The bill states that if a person “aged 18 or over resides or intends to reside on land without consent of the occupier of the land”, they could have their vehicle seized and face a fine of £2,500 or up to three months in jail if they don’t move on. When it comes to the Van Life community, where can they go? The isolated pockets of the UK that the Van Life community uses – you’ve probably never noticed them because dwellers are respectful and discreet – could be national parks, roads and car parks, even lay-bys on public highways, all private land.
The wording in the bill is unhelpfully vague and will require the discretion of the police. Currently, the legislation is based on whether there is a “reasonable suspicion that a person has committed this offence”.
With unemployment reaching a five-year high at the beginning of 2021, house prices painfully unaffordable, and “generation rent” struggling to save for a deposit, it’s understandable why thousands of young people in the UK are engaged in the online Van Life community, whether they are inspired to take a single trip or make a full lifestyle change.
“We’re taught in this country to grow up, get a house, and to work our whole lives until we retire, and then finally we can have some enjoyment,” explains Ward. “People are financially tied into their lifestyles and have to pay most of their income to support their housing. No one should be forced to live that lifestyle.”
The Police Bill is yet another example of how options for the young are being stifled. “This bill deliberately attacks people seeking an alternative lifestyle,” says O’Brien, who thinks the new regulations could cause more reliance on the state.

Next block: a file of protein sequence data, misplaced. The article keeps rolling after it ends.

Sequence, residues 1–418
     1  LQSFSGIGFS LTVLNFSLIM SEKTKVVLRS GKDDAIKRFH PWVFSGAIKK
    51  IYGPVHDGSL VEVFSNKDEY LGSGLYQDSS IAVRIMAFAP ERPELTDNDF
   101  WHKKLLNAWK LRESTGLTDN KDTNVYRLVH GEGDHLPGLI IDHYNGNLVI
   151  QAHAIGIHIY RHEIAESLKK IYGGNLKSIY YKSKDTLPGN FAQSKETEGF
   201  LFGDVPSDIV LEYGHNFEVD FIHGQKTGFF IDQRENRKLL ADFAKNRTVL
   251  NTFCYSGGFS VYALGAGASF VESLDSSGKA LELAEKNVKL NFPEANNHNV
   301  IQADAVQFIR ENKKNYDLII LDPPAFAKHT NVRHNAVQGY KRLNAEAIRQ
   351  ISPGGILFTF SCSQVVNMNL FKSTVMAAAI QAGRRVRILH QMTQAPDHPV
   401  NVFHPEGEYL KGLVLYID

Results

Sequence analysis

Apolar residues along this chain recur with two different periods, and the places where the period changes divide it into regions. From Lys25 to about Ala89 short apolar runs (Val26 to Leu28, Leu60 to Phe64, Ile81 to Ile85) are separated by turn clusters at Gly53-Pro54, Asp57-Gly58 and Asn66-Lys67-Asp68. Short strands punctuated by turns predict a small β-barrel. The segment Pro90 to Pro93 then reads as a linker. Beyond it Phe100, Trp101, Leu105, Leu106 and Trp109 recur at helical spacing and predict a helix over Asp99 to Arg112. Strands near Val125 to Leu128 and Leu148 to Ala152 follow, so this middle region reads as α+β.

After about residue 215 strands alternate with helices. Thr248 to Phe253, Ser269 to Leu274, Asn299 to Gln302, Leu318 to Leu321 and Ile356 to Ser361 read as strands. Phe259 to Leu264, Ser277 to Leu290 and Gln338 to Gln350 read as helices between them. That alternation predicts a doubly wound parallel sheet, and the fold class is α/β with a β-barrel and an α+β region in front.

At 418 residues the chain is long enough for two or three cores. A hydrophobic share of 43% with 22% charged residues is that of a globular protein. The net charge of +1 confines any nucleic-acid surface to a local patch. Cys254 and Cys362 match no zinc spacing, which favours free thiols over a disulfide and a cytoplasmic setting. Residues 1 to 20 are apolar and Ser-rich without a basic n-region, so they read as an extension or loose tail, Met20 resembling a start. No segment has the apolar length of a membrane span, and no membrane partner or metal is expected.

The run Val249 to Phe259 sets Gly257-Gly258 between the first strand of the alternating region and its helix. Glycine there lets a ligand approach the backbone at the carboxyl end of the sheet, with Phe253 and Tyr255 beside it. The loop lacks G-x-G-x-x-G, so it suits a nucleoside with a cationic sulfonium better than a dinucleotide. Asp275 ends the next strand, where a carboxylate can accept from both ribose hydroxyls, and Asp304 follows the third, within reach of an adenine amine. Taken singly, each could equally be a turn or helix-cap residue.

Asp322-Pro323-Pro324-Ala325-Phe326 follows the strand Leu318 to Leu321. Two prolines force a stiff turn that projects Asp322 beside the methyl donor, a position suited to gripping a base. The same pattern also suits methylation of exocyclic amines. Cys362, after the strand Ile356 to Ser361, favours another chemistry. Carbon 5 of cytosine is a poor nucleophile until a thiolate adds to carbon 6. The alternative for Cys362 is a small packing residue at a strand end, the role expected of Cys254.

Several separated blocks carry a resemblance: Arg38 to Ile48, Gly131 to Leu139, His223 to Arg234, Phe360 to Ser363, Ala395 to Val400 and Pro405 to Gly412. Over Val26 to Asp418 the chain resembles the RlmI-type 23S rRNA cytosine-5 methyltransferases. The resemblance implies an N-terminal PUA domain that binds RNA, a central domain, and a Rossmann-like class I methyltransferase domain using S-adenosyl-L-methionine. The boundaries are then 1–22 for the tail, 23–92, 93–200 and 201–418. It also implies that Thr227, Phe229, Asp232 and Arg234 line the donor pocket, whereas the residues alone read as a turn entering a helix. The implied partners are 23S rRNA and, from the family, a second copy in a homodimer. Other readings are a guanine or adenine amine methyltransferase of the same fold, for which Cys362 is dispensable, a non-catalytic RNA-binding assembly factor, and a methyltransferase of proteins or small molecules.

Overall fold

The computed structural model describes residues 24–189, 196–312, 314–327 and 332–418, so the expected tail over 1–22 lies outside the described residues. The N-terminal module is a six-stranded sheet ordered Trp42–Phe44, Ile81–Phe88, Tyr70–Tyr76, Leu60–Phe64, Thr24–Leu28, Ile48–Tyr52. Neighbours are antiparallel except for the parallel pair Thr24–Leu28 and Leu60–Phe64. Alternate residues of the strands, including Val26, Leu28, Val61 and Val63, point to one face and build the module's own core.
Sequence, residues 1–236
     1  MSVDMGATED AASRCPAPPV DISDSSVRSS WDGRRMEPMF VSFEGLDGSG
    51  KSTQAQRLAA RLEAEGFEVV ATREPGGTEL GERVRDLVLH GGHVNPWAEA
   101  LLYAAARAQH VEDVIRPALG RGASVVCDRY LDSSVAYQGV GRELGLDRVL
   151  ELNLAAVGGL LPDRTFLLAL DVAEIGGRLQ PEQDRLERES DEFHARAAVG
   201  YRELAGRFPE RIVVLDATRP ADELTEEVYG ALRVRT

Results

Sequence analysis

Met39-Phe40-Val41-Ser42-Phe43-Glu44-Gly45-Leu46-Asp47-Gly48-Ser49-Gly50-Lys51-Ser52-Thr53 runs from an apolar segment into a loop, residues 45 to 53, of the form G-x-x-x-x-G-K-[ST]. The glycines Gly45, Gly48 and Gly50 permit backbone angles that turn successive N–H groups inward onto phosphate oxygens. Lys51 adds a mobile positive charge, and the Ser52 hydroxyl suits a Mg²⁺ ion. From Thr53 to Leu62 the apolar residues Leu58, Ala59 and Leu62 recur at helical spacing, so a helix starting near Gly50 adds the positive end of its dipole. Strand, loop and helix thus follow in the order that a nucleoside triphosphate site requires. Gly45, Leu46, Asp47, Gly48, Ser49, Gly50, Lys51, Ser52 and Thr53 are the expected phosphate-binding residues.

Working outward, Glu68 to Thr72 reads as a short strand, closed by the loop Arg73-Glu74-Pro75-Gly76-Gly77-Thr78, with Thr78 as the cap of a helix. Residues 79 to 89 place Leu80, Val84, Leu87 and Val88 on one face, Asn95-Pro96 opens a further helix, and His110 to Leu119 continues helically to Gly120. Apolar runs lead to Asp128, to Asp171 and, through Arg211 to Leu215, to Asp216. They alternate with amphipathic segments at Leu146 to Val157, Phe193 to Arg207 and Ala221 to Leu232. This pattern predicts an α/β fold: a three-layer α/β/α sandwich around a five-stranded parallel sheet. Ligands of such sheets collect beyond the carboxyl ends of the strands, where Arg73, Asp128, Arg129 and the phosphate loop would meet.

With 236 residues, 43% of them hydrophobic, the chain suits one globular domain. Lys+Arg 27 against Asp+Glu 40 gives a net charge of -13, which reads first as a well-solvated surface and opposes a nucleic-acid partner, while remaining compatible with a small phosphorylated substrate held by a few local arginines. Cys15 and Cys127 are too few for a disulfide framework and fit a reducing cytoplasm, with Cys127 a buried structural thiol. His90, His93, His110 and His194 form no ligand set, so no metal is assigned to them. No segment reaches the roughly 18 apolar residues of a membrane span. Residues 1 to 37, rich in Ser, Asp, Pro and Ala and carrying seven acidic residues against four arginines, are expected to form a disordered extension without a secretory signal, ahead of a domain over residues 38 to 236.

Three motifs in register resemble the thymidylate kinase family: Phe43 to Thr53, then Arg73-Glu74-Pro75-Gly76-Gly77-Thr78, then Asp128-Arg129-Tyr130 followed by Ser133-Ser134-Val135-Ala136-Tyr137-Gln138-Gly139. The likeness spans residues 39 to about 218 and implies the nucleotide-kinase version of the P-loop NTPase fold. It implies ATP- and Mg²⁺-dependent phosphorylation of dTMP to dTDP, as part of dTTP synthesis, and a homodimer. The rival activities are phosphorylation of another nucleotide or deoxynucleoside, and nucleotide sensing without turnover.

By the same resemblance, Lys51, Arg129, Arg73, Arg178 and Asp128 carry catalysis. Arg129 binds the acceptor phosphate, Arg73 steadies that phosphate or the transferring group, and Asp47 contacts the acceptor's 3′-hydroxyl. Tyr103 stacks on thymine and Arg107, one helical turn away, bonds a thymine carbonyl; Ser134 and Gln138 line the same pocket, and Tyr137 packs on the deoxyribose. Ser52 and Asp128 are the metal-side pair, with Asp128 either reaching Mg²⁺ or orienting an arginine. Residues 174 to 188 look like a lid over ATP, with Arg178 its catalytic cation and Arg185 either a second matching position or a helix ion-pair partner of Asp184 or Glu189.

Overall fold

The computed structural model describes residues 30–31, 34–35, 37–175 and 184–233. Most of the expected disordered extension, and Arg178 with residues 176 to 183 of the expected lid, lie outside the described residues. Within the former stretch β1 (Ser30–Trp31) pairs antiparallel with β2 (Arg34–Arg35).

“The government’s focus is to rehouse people and build more affordable housing. Tom and I are choosing to live this lifestyle, we don’t want to live in a house. At the moment, if we did, we’d probably have to claim unemployment benefits to meet the costs of living, because we can’t get full-time jobs. But we’ve got enough money to travel in our van. We don’t want government help and we don’t want to be in debt. In a van, we can be self-sufficient and have a great quality of life.”
Just as we put a high value on our public parks, we should see value in the wild camping experience Van Life provides. We must reject the trespass clause in the Police Bill and campaign for areas offering rights to roam, like Scotland’s Land Reform Act. North of England, most land can be accessed and wild camping is allowed. Countries including Finland, Iceland, Norway, Sweden, Estonia, Latvia, Austria, Czech Republic and Switzerland have similar right-to-roam laws, and each sees the value in nature and the freedom to explore.
It’s refreshing to see Hollywood acknowledge and celebrate those living in different ways. Nomadland carefully balances epic never-ending journeys with the social dislocation that many people around the world are experiencing, but the vibrant Van Life movement could be a footnote in British history unless we act now.
This diverse community will dwindle if we allow the proposed Police Bill to pass in its current form.
The Joint Committee on Human Rights will scrutinise the bill and details on submissions can be found here